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History of Rome (Ab Urbe Condita) by Livy
Translated by Rev. Canon Roberts
Book VII Chapter 42: Mutiny of Troops in Campania. Views of others.[342 BC]
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In addition to these measures I find the following recorded by various authorities Lucius Genucius, a tribune of the plebs, brought before them a measure declaring usury illegal, whilst other resolutions were adopted forbidding any one to accept re-election to the same office in less than ten years or fill two offices in the same year, and also that both consuls might legally be elected from the plebs. If all these concessions were really made it is quite clear that the revolt possessed considerable strength. In other annalists it is stated that Valerius was not nominated dictator, but the matter was entirely arranged by the consuls; also that it was not before they came to Rome but in Rome itself that the body of conspirators broke out into armed revolt; also that it was not to Titus Quinctius' farm but to the house of Gaius Manlius that the nocturnal visit was paid, and that it was was seized by the conspirators and made their leader, after which they marched out to a distance of four miles and entrenched themselves; also that it was not their leaders who made the first suggestions of concord, but what happened was that as the two armies advanced towards each other prepared for action the soldiers exchanged mutual greetings, and as they drew nearer grasped each other's hands and embraced one another, and the consuls, seeing how averse the soldiers were from fighting, yielded to circumstances and made proposals to the senate for reconciliation and concord. Thus the ancient authorities agree in nothing but the simple fact that there was a mutiny and that it was suppressed.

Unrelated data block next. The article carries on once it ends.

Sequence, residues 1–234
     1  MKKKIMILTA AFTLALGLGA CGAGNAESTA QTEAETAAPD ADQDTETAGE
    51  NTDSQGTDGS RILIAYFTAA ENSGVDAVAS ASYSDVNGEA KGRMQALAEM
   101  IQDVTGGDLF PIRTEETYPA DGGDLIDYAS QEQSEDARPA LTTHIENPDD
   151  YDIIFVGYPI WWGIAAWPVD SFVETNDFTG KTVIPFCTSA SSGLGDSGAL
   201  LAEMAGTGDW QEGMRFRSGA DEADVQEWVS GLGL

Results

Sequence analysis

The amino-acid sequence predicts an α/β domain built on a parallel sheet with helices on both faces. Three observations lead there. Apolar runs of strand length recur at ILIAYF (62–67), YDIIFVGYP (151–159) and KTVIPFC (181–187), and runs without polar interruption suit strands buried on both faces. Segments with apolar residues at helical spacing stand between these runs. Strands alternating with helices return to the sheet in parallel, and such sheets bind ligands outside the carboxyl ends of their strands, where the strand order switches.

The report of this disturbance and the seriousness of the war which had been commenced with the Samnites made many nationalities averse from an alliance with Rome. The Latins had long been faithless to their treaty, and in addition to that the Privernates made a sudden incursion and devastated the neighbouring Roman colonies of Norba and Setia.

Event: Mutiny of Troops in Campania

Praeter haec inuenio apud quosdam L. Genucium tribunum plebis tulisse ad plebem ne fenerare liceret; item aliis plebi scitis cautum ne quis eundem magistratum intra decem annos caperet neu duos magistratus uno anno gereret utique liceret consules ambos plebeios creari. Quae si omnia concessa sunt plebi, apparet haud paruas uires defectionem habuisse. Aliis annalibus proditum est neque dictatorem Valerium dictum sed per consules omnem rem actam neque antequam Romam ueniretur sed Romae eam multitudinem coniuratorum ad arma consternatam esse nec in T. Quincti uillam sed in aedes C. Manli nocte impetum factum eumque a coniuratis comprehensum ut dux fieret; inde ad quartum lapidem profectos loco munito consedisse; nec ab ducibus mentionem concordiae ortam sed repente, eum in aciem armati exercitus processissent, salutationem factam et permixtos dextras iungere ac complecti inter se lacrimantes milites coepisse coactosque consules, cum uiderent auersos a dimicatione militum animos, rettulisse ad patres de concordia reconcilianda. Adeo nihil praeterquam seditionem fuisse eamque compositam inter antiquos rerum auctores constat. Et huius fama seditionis et susceptum cum Samnitibus graue bellum aliquot populos ab Romana societate auertit, et praeter Latinorum infidum iam diu foedus Priuernates etiam Norbam atque Setiam, finitimas colonias Romanas, incursione subita depopulati sunt.